And even more amazing was the day she realized she truly loved him back.
Jessica Williams talks to John Tamny, columnist for Forbes
The first film she actually chose, she says, was The Jacket in 2005, and the second was Pride & Prejudice later that year - the kind of character-driven, smaller-budget parts she’s specialised in ever since. For both, the directors - John Maybury and Joe Wright, respectively - wanted nothing at all to do with her at first.
"Nope. Neither wanted to work with me. I really had to fight just to get both those meetings, because they both wanted different people for the roles. John Maybury was like, ‘I think you’re wrong for this. I don’t want you. I don’t think you can act,’"
Wow. Wasn’t she upset by that?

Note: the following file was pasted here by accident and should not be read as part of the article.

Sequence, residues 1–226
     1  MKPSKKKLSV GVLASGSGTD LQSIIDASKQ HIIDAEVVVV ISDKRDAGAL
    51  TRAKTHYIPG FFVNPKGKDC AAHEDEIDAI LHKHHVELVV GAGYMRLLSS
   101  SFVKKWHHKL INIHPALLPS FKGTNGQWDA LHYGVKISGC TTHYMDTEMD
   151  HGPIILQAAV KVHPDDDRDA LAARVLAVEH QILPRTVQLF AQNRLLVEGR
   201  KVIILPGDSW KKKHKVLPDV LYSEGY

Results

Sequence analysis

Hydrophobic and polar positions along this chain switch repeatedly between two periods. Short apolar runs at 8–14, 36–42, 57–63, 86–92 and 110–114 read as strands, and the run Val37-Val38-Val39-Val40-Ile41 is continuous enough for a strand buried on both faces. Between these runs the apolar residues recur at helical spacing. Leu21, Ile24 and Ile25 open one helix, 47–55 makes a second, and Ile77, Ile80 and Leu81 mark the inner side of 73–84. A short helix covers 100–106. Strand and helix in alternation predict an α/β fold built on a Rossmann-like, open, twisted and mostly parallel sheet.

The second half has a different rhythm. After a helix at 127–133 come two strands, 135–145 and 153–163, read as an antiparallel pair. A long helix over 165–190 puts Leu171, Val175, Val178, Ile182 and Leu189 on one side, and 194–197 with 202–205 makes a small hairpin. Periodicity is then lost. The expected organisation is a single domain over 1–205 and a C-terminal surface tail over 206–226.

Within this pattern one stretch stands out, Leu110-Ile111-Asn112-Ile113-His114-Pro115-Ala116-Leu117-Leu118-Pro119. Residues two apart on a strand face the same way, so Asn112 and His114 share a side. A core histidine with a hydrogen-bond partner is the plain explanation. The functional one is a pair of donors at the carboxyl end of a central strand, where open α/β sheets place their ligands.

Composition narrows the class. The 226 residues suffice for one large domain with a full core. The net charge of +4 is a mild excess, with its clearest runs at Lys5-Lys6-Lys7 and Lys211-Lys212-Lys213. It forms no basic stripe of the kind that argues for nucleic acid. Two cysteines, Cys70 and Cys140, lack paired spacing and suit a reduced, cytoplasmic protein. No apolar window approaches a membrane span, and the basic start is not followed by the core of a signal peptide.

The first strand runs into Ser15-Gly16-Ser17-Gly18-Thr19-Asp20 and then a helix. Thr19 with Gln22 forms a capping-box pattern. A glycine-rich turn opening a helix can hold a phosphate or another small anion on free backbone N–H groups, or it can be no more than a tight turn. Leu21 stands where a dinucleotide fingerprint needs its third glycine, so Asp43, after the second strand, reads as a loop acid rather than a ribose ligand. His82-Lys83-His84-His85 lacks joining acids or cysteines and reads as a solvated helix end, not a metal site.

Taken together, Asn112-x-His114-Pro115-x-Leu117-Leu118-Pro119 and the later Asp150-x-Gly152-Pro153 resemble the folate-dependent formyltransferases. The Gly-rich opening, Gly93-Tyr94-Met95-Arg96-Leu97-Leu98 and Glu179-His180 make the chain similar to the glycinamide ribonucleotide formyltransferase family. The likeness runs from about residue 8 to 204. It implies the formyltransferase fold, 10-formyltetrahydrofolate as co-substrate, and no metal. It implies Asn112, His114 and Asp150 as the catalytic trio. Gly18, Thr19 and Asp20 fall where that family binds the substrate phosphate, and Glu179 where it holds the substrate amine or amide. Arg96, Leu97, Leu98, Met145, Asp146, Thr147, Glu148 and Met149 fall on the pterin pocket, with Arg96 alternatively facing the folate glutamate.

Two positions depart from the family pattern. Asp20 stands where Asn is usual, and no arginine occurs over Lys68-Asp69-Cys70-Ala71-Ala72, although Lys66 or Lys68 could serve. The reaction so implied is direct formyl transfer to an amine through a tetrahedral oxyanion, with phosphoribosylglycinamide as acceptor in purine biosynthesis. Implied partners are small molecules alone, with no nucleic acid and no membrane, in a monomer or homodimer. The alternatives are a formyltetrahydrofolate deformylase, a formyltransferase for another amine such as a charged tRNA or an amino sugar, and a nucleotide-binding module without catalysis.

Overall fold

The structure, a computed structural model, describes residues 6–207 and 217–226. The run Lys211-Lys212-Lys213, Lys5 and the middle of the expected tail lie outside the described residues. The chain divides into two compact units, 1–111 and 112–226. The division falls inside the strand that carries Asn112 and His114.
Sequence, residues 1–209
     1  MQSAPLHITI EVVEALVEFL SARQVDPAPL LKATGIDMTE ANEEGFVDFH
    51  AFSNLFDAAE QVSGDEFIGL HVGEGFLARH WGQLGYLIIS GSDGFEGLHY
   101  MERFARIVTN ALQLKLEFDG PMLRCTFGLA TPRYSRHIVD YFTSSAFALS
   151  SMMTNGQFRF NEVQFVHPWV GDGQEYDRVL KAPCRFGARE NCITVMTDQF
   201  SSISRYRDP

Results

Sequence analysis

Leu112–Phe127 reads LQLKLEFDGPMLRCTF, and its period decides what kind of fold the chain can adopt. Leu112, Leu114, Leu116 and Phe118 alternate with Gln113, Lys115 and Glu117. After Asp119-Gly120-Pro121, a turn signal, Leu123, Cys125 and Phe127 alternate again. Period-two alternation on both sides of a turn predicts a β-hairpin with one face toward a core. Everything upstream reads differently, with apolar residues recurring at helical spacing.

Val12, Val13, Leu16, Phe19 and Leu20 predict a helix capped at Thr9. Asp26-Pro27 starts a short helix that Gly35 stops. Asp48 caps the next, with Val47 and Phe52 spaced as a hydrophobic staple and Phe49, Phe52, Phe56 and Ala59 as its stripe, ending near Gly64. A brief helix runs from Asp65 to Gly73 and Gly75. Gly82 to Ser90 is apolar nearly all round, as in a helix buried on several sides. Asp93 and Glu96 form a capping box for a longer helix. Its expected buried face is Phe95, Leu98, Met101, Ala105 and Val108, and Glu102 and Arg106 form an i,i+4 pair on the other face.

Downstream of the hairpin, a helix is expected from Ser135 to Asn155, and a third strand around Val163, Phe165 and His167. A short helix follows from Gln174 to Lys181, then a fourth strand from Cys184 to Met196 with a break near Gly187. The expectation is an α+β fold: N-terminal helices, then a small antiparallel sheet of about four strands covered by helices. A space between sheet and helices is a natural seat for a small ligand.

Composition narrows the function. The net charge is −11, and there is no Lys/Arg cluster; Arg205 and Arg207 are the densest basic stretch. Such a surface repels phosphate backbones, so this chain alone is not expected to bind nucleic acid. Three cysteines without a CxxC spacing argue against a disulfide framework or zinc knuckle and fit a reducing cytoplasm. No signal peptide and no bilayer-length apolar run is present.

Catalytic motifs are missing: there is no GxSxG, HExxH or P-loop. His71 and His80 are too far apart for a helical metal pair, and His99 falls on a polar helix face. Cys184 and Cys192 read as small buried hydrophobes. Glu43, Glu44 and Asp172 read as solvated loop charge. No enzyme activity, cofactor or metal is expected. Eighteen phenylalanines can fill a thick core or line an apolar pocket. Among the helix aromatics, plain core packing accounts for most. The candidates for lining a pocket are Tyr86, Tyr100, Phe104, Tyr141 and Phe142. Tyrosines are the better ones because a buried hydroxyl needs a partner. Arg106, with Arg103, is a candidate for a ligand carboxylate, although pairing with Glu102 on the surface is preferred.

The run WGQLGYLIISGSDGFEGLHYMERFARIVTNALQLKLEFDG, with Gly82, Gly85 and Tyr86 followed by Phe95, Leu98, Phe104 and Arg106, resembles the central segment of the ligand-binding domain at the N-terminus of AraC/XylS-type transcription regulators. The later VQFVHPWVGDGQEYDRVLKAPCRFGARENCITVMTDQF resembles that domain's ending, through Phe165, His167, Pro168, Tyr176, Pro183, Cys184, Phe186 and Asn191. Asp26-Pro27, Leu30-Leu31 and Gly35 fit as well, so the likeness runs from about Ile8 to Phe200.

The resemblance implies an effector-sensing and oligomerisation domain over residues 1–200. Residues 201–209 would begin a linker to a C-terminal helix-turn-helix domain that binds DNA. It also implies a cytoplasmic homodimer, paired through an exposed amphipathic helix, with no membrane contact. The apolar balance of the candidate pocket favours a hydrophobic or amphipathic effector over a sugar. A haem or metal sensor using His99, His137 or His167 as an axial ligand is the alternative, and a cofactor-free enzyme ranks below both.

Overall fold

"No, because it was pretty much what everyone was saying, so I actually appreciated the fact that he said it to my face. So I said, if I read for you right now and if you think it’s good, you have to give me the part right now. If you think it’s shit, you don’t have to say anything, you just have to leave." She auditioned, he got up to leave, and at the very last moment he turned around and said, "OK, see you in three months." He would go on to direct her again in 2008’s The Edge of Love."It was a proper Hollywood moment!"
- Keira Knightley in British GQ, March 2012
Reading is always charming.
As Bonhams will tell you, “The second half of the nineteenth-century saw a renewed interest in the social and artistic history of the previous century[, and]…a general curiosity and fascination for the refined taste and decadent lifestyle of the nobility under the Ancien Regime.”
Francesco Beda’s The Art Lesson tends towards the quieter end of the genre.
A man in a champagne suit advises a woman in a complimentary shade of ivory on her decorative vase painting.
Surrounded as they may be with all the swirls and frills of Beda’s imagined world, the two focus pensively on the task at hand.
*debates whether to buy something* *imagines aziz ansari saying “treat yo self”* *treats self*